Taranto is just a dick, who was not present when this horrific event occurred and has no reason or purpose to express his opinion about those who were killed or injured except stupendous dickery.

      Leave it to a member of Rupert Murdoch's empire to take stories of bravery, sacrifice and love and attempt to turn them into something hateful.

      Feminism is the radical notion that women are people. ~Cheris Kramarae and Paula Treichler

      by Tchrldy on Wed Jul 25, 2012 at 07:27:24 AM PDT

      [ Parent ]

      •  Not just that (2+ / 0-)
        Recommended by:
        Maianewley, Tchrldy

        Taranto did not ask if the PEOPLE saved by others' sacrifice were worthy, which would fit the sense of Lincoln's words or of those getting a transplant, let me be worthy of the sacrifice. He specifically asked if the "girls" were worthy. Like, were they cute enough or was it a waste to save a "not cute" woman? Or were they sluts who used birth control? Were they too independent? Because they were female the were presumed unworthy until proven otherwise.

    •  please (4+ / 0-)

      what on earth could the sacrifice of soldiers in a war prosecuted specifically in order to end the institution of human chattel slavery possibly have to do with civilians being murdered randomly and publicly in cold blood by a perfect stranger?

      Taranto is a right fucking moron for posting that. It's every inch as flippant and stupid as it seems like on first blush.

      And spare us the hair-spitting over "worth it" vs. "worthy."

      Views Differ On Shape Of Planet

      by nota bene on Wed Jul 25, 2012 at 07:31:39 AM PDT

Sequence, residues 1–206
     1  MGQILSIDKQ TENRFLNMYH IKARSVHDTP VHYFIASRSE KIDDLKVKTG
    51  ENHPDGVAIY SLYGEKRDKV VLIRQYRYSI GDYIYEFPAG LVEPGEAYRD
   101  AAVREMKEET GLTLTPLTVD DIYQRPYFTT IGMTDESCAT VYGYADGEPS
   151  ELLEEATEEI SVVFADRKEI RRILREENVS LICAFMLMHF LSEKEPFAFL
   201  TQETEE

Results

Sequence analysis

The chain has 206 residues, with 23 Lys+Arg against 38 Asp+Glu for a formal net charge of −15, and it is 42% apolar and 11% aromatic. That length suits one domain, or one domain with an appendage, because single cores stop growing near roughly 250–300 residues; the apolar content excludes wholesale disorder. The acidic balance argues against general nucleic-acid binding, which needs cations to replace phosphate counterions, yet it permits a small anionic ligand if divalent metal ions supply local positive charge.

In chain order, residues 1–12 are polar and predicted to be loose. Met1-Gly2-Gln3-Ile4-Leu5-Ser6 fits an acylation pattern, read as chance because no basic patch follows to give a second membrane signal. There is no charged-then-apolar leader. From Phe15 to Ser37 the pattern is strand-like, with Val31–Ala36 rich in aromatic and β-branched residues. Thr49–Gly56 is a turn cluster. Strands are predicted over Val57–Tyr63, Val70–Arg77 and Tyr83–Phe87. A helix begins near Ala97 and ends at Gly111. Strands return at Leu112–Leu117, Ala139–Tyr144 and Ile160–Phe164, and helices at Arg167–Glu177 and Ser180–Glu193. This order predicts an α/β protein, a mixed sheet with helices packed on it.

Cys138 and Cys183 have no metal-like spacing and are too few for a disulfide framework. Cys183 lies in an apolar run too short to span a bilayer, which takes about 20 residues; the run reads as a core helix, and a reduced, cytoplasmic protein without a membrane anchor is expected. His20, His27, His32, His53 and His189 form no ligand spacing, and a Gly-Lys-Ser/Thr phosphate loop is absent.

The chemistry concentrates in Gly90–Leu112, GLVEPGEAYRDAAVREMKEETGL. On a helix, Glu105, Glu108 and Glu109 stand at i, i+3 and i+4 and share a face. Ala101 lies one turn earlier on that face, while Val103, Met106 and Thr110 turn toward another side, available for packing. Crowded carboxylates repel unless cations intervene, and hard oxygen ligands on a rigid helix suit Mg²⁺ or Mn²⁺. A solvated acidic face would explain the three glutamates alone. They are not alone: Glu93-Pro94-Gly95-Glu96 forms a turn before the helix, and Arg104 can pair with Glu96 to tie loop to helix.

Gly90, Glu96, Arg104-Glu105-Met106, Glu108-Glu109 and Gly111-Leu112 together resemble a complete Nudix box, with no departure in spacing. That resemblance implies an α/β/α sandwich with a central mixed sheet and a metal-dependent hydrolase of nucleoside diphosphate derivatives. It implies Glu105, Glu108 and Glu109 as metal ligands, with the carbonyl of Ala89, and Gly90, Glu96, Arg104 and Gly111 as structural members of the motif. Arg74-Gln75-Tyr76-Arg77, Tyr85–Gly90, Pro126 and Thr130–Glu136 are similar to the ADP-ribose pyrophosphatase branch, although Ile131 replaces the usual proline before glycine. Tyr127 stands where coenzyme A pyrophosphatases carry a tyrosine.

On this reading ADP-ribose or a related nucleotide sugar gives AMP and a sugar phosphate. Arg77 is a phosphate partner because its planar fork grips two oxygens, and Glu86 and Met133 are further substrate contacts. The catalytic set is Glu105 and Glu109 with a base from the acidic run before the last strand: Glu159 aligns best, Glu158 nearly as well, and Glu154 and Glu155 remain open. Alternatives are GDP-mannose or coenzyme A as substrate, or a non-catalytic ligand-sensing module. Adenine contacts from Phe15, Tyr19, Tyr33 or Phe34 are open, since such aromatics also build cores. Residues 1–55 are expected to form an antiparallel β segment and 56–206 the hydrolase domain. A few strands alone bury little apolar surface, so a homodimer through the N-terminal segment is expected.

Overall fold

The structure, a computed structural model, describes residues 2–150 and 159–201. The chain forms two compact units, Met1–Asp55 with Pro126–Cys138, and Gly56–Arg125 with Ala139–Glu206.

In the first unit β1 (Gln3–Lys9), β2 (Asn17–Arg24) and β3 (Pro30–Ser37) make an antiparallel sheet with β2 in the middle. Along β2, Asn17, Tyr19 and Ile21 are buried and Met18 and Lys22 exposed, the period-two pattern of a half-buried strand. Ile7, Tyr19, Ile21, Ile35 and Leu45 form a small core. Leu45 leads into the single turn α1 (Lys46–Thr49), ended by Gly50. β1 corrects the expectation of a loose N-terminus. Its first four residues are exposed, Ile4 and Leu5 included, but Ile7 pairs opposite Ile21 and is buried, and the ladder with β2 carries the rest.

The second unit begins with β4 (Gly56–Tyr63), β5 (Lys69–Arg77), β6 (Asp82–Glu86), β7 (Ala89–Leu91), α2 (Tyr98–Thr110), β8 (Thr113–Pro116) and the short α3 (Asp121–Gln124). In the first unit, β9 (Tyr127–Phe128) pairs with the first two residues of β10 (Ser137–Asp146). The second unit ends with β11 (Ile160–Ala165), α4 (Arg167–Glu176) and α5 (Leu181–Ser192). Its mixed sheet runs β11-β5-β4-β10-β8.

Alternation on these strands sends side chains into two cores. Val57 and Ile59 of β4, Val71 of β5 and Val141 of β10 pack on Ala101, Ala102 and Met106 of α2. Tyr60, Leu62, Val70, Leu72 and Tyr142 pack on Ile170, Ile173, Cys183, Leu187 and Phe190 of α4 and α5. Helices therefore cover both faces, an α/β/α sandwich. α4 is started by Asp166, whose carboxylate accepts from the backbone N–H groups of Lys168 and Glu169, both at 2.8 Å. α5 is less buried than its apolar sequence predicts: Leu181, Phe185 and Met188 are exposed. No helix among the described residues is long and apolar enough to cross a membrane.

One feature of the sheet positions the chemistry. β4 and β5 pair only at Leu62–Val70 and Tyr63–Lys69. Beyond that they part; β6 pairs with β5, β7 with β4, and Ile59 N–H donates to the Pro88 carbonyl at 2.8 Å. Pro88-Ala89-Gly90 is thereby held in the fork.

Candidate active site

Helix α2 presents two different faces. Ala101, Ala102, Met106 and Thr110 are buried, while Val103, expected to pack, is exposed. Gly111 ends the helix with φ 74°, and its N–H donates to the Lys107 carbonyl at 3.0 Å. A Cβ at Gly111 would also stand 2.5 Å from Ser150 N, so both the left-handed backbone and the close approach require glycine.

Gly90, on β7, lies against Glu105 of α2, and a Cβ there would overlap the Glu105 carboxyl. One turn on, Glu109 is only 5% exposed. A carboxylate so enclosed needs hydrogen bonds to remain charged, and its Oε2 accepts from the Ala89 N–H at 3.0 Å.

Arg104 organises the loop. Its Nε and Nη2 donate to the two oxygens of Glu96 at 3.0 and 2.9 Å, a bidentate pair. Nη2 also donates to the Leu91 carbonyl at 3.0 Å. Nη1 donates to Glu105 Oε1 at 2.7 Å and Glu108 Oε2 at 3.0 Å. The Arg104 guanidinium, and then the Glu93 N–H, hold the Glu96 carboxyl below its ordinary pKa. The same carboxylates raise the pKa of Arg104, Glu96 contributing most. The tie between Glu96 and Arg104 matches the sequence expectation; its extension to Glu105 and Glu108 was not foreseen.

[ Parent ]

    •  No greater love... (5+ / 0-)

      Despite what this POS said (and why) I understand you point--but I would suggest that those whose lives were saved already understand the depth of the sacrifice.

      They will forever work at being "worth it"--and regardless of what they or others may thing, the struggle to uphold the legacy of their loved one's sacrifice by definition proves they are worth it.

      Sean

    •  Despite his BS backpedalling (1+ / 0-)
      Recommended by:
      IreGyre

      he said "Hope they "were" worth it", not will be worth it. As if they possibly weren't worth it. The frat boy douchebag context is more appropriately inferred than the Lincoln/Saving Private Ryan one.

    •  If that's what he'd meant, then why didn't he (0+ / 0-)

      say something like, "Ladies, may you live your lives worthy of the sacrifices made." rather than posting it as a question of were they worthy.  Were is past tense, speaking to how they'd lived/acted to that point, which is in keeping with the idea of being "worth it".

      Like another commenter said, the men who made the sacrifices thought they were worthy.  That's all that needs to be said.